Monday, May 17, 2010

"Metropolis" - legacy of a classic

The newly restored Metropolis, which promises to be one of the highlights of this summer's San Francisco Silent Film Festival, continues to draw considerable media attention. The latest article, by Andrew O'Hehir, is on the web at Salon.com. It looks at how Fritz Lang's re-released masterpiece - especially the look of it - influenced pop culture - from Star Wars and Blade Runner to Madonna. The author also includes Guy Maddin's film The Heart of the World in the list. O'Hehir's article can be found here. It includes a slideshow.


Otherwise, here are links to a few other recent articles in the Los Angeles Times (by Kenneth Turan) and Cleveland Plain Dealer.

Friday, May 14, 2010

Rosa Rio, Organist From Silent Film Days, Dies at 107

Rosa Rio, one of the country’s premier theater organists, has died at the age of 107. Her career started in the silent era. According to the New York Times obituary in today's paper, "Miss Rio was undoubtedly among the very last to have played the silent-picture houses, accompanying the likes of Chaplin, Keaton and Pickford on the Mighty Wurlitzer amid velvet draperies, gilded rococo walls and vaulted ceilings awash in stars. She was also one of the few women to have made her way in a field dominated by men."

There is also a Wikipedia entry on Rosa Rio.

Thursday, May 13, 2010

Getting Autographs in 1933

This amusing short film from 1933 includes footage of one-time silent film (then "talkie") stars Richard Dix, Fay Wray, Charlie Chaplin and others giving autographs at a movie premiere in Los Angeles. It's a staged film, but it still makes you wonder, where are those autographs now?

Tuesday, May 11, 2010

Last living Ziegfeld Follies Girl dies at 106

Doris Eaton Travis, one of the last living Ziegfeld Follies Girls, has died. She was 106 years old.

In her long career, Travis appeared in both silent and talking pictures, performed for presidents and princesses, bantered with Babe Ruth, offended Henry Ford, outlived her six siblings (who were also performers), wrote a newspaper column, hosted a television show, and earned a degree in history at age 88.

Her film roles include small parts in Taking the Count (1928) and Street Girl (1929). The former was written by Rube Goldberg! The latter starred Bettty Compson.

Travis continued to work late in life, with annual appearances on Broadway, a small role in a Jim Carrey movie, and a recently published memoir, The Days We Danced: The Story of My Theatrical Family From Florenz Ziegfeld to Arthur Murray and Beyond. That book was published in 2003. In 2006, a visual biography about Travis was also published. It was called Century Girl: 100 Years in the Life of Doris Eaton Travis Last Living Star of the Ziegfeld Follies.

More about Doris Eaton Travis and her life and career can be found at Wikipedia, and also at this AP obituary. Here is a short video made a few years ago.

Sunday, May 9, 2010

Weekend update #9

Here are some brief bits of news - offered on a regular basis - from and about the San Francisco Silent Film Festival and the world of silent film:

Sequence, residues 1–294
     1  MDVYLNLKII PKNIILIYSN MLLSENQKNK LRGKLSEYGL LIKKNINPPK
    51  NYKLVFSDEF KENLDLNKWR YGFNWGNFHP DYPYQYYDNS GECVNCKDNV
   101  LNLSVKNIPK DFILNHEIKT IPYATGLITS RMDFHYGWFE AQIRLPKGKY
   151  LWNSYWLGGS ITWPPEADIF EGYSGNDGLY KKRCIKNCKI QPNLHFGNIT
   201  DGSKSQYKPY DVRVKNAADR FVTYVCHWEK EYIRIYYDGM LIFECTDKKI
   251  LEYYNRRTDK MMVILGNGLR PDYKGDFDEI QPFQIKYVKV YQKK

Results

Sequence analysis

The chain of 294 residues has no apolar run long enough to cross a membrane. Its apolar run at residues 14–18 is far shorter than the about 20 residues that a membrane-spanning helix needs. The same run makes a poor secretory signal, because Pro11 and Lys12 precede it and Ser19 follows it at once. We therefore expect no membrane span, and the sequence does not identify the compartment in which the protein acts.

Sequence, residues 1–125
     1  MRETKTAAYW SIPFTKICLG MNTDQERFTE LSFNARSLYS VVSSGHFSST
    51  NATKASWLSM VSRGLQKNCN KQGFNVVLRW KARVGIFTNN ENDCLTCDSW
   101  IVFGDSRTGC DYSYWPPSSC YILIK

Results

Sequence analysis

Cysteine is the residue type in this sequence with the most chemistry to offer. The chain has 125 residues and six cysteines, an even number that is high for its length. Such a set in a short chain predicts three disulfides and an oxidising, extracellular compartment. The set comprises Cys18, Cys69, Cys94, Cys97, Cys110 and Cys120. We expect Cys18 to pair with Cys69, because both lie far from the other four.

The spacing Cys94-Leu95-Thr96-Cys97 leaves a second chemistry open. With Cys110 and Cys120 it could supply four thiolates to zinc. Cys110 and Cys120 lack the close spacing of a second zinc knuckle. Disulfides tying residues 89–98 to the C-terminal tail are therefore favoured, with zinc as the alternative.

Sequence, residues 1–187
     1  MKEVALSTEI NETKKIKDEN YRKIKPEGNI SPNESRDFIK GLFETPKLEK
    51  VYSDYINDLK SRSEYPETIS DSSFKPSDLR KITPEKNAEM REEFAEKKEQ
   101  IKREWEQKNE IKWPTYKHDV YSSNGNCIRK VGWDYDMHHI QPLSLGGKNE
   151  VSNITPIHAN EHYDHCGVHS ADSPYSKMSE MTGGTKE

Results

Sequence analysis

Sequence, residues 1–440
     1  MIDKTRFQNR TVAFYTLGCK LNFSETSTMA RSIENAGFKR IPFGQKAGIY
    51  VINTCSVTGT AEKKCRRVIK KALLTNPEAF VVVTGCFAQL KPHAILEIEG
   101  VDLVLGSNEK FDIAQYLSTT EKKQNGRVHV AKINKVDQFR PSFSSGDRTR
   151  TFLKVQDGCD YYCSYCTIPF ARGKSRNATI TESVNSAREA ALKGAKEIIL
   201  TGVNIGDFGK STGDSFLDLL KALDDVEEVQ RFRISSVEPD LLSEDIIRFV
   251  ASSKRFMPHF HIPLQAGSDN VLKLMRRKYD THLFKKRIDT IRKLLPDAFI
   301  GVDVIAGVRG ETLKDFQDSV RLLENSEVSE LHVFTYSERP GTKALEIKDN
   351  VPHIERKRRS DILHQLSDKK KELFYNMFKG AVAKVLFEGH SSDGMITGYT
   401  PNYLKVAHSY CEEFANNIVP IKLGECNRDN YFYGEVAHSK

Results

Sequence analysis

1) The New York Times ran a fascinating article on May 4th all about Metropolis, the lost footage recently restored to Fritz Lang's film, and the story behind its discovery. The article mentions Fernando Peña and Paula Félix-Didier, the Argentine film archivists who made the discovery. They will be at this summer's San Francisco Silent Film Festival, where they will introduce the restored version of Metropolis. The NYT article can be found here.

2) As the New York Times also reported, these now celebrated Argentine archivists continue to go through the Museo del Cine collection. And silent films, long thought lost, are turning up! Just last month, a print was found of a long-missing 1928 Soviet-era film, Yevgeny Chervyakov’s My Son. In addition, the Museo del Cine discovered what are being called the only surviving copies of three American films - a 1916 William S. Hart western, The Aryan, a 1928 drama with Myrna Loy and Anna May Wong called The Crimson City, and a 1921 melodrama, The Gilded Lily, starring the actress with the bee-stung lips, Mae Murray. Peña, the Argentine film archivist, is quoted as saying, "I’m glad I persisted. We still haven’t been through everything, so new discoveries could keep appearing." Perhaps, one day, London After Midnight, with Lon Chaney . . . ?

3) Speaking of Metropolis and German film history, there is a new book out which every serious student and devotee will want to check out. It's The Concise CineGraph, edited by Hans-Michael Bock and Tim Bergfelder. This 574 page book, which bills itself as an encyclopedia of German cinema and includes a foreword by Kevin Brownlow, is published by Berghahn Books. "First published in 1984 but continuously updated ever since, CineGraph is the most authoritative and comprehensive encyclopedia on German-speaking cinema in the German language. This condensed and substantially revised English-language edition makes this important resource available to students and researchers for the first time outside its German context. It offers a representative historical overview through bio-filmographical entries on the main protagonists, from the beginnings to the present day. Included are directors and actors, writers and cameramen, composers and production designers, film theorists and critics, producers and distributors, inventors and manufacturers"